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Chemical inhibition of N-WASP by stabilization of a native autoinhibited conformation

Nature Structural & Molecular Biology volume 11, pages 747755 (2004) | Download Citation

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Abstract

Current drug discovery efforts focus primarily on proteins with defined enzymatic or small molecule binding sites. Autoregulatory domains represent attractive alternative targets for small molecule inhibitors because they also occur in noncatalytic proteins and because allosteric inhibitors may avoid specificity problems inherent in active site–directed inhibitors. We report here the identification of wiskostatin, a chemical inhibitor of the neural Wiskott-Aldrich syndrome protein (N-WASP). Wiskostatin interacts with a cleft in the regulatory GTPase-binding domain (GBD) of WASP in the solution structure of the complex. Wiskostatin induces folding of the isolated, unstructured GBD into its autoinhibited conformation, suggesting that wiskostatin functions by stabilizing N-WASP in its autoinhibited state. The use of small molecules to bias conformational equilibria represents a potentially general strategy for chemical inhibition of autoinhibited proteins, even in cases where such sites have not been naturally evolved in a target.

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Acknowledgements

We thank N. Ayad, S. Eden and G. Hoffmann for critical reading of the manuscript and A. Majumdar for assistance with NMR spectra. This work was supported by grants from the US National Institutes of Health (J.R.P., GM197000; L.C.B., GM07739; M.K.R., GM56322), the Welch Foundation (I–1544, M.K.R.) and the Cancer Research Institute (D.M.).

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Author notes

    • Jeffrey R Peterson

    Present address: Tumor Cell Biology, Fox Chase Cancer Center, 333 Cottman Avenue, Philadelphia, Pennsylvania 19111, USA.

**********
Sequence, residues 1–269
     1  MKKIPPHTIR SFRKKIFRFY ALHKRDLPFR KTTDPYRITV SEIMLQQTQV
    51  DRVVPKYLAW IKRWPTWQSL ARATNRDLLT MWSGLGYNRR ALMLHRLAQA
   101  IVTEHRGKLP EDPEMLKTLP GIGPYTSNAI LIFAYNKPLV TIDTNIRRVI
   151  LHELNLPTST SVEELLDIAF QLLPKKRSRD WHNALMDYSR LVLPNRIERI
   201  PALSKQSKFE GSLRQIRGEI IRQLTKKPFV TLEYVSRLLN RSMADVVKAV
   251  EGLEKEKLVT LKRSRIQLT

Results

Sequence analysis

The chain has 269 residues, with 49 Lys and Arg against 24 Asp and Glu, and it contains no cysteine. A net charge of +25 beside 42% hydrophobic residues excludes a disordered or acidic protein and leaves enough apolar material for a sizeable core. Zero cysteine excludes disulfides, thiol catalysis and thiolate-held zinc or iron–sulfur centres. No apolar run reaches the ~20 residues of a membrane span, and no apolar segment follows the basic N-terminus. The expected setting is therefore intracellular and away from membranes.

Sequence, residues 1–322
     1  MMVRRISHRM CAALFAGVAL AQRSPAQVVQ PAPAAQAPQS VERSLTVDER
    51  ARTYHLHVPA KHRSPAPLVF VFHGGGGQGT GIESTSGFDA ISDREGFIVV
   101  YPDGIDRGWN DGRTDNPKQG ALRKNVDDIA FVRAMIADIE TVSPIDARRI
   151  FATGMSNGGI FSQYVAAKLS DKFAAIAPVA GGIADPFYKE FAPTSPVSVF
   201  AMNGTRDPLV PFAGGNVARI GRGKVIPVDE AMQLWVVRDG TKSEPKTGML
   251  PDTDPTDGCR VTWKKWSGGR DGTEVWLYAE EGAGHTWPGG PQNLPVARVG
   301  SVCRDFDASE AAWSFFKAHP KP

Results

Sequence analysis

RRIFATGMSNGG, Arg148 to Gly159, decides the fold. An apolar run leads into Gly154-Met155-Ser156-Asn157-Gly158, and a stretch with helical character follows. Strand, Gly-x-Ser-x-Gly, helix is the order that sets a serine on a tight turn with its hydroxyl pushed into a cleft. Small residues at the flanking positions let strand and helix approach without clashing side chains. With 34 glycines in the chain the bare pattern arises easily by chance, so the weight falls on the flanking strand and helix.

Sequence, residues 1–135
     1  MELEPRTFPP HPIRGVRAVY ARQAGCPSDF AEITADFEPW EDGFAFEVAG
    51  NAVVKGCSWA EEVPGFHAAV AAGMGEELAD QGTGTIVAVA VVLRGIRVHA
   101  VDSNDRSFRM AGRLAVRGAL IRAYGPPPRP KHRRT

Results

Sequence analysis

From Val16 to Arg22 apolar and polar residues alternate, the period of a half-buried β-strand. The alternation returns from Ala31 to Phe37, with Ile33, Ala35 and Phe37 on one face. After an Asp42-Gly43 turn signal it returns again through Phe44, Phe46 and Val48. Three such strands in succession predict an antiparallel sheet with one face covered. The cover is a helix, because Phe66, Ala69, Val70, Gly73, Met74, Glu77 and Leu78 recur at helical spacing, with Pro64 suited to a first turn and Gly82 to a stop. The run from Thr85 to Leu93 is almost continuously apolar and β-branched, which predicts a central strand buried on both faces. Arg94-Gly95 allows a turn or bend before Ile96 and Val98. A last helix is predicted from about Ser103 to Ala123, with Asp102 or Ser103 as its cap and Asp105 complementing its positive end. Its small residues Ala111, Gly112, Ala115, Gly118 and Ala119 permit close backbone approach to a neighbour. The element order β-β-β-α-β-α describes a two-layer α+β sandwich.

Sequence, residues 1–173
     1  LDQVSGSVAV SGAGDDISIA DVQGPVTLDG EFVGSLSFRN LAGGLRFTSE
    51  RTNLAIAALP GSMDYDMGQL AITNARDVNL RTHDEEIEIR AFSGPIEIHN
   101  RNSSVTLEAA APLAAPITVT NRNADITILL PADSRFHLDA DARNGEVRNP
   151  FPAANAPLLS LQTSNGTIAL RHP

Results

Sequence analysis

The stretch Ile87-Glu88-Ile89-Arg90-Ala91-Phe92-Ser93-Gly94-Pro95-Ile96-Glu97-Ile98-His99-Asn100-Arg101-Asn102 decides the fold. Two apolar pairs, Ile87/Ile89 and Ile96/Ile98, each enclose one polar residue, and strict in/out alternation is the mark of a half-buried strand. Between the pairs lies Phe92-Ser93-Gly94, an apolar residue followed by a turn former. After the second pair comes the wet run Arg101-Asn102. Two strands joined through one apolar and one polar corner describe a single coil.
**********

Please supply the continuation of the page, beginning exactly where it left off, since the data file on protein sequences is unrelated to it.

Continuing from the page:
• Jeffrey R Peterson
    •  & Lincoln C Bickford

    These authors contributed equally to this work.

Affiliations

  1. Department of Cell Biology and Department of Systems Biology, Harvard Medical School, 240 Longwood Avenue, Boston, Massachusetts 02115, USA.

    • Jeffrey R Peterson
    •  & Marc W Kirschner
  2. Structural Biology, Memorial Sloan-Kettering Cancer Center, 1275 York Avenue, New York, New York 10021, USA.

    • Lincoln C Bickford
    •  & Ouathek Ouerfelli
  3. Department of Biochemistry, University of Texas Southwestern Medical Center at Dallas, 5323 Harry Hines Boulevard, Dallas, Texas 75390, USA.

    • David Morgan
    •  & Michael K Rosen
  4. Department of Pathology and Laboratory Medicine, Hospital of the University of Pennsylvania, 3400 Spruce Street, 6 Founders Pavilion, Philadelphia, Pennsylvania 19104, USA.

    • Annette S Kim

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Competing interests

The authors declare no competing financial interests.

Corresponding authors

Correspondence to Marc W Kirschner or Michael K Rosen.

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DOI

https://doi.org/10.1038/nsmb796

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